Brewing Guide | Walkure Porcelain Pour Over Brewer

Brewing Guide | Walkure Porcelain Pour Over Brewer

Sep 20th 2016 Written by meredithlangley

Brewing with Walkure's porcelain coffeemakers is surprisingly simple. A ceramic dispersion plate forgives sloppy technique and the built-in porcelain grid eliminates the need for disposable filters. With a quality burr grinder and hot water source, you're all set to embark on your most exciting brewing adventure yet.



Hey, I'm Chris from Prima Coffee equipment. I'm just about to brew with the Walkure Pour Over Coffee Maker. Walkure is, like I said, a pour over brewer, but it's totally unique. It might be unlike anything that you've seen before. It has a flat bottom filter that's actually comprised of two stacked porcelain grids. It has a dispersion piece on the top that basically controls your flow direction and flow rate. As I prepare to brew with this, I just ground about 21 grams of coffee. I'm going to add about 350 grams of water to that. I'll show you my grind setting here. It's medium, a little on the coarse side, perhaps. It's a little bit finer than -- I'm sorry, a little bit coarser than that which I would use for say a Kalita or a Chemex single serving, either of those. You can go surprisingly fine with this brewer, because of a thing called cake filtration.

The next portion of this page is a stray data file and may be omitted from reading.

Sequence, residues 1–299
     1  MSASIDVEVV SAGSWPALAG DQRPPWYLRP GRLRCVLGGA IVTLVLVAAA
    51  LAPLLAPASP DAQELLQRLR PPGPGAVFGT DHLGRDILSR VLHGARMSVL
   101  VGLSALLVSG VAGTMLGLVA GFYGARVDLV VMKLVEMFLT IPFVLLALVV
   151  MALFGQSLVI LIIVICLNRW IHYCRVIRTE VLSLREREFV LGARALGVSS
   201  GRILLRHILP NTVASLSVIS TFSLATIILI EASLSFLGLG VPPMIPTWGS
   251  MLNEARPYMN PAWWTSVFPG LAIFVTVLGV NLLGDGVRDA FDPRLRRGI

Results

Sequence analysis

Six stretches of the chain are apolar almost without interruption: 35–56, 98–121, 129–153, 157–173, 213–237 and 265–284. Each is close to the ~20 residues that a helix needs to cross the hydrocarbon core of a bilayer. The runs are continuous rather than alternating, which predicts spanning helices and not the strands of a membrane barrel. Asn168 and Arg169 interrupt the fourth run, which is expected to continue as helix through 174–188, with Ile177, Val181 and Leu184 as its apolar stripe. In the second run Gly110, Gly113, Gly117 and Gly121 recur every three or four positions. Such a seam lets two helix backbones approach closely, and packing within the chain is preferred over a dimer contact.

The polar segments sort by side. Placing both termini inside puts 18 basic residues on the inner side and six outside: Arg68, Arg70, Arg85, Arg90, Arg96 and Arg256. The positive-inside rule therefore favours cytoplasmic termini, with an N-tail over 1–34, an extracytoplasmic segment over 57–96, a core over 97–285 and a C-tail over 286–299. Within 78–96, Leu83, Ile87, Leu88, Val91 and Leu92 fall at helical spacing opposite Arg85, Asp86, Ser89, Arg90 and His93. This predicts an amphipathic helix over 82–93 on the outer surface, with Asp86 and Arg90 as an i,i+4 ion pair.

Walkure Bayreuth Porcelain Pour Over Brewer

The Walkure Bayreuth is handmade in Germany and constructed entirely of porcelain

Featured Product

Surprisingly enough, the porcelain grid on the bottom of this guy isn't what does most of the filtering work here. It's not the primary filtering unit. Rather, you suspend a bit of coffee, and then the coffee itself acts as the filtering agent. The coffee develops this cake and filters out grinds from above it. It's actually a very effective means of filtering and produces a surprisingly clean cup. For this coffee, which is actually a Nicaraguan coffee from Finca Los Congos, roasted by Quill's coffee, we're shooting for a brew temperature just above 200 degrees. It's about a week off roast, and a fairly lightly roasted coffee too. I'm shooting for about 200 degrees. Like I said, I'm going for 21 grams of coffee and 350 grams of water. I'm going to use about 10% of my total water volume for pre-infusion here, so about 35 grams. I just pour it on there, and I'll check it out underneath.

This here is actually the dispersion piece that I'm pouring into. It has six holes in the bottom, so there are six -- not necessarily six even streams, but six places where the water comes out. It's distributed over the coffee pretty easily. The coffee has bloomed nicely. It's pretty evenly saturated. I'm going to go ahead and start my timer here. I'm going to keep on pouring. I'm just pouring right into the middle of the dispersion piece here, as you can see. There really isn't a very specific pouring pattern that you need. A slow flow rate is nice, so that you can draw out the brew time, considering the grind's a little on the coarser end. But you don't need to go in any intricate patterns or anything. Really, you don't even necessarily need a kettle that can pour this slowly. If you have enough control with a larger, small spouted kettle, then you're totally fine without a gooseneck pouring kettle like this guy. It does help me drop through time though, and I appreciate it for that reason. I'm just pouring right into the middle of the dispersion piece here.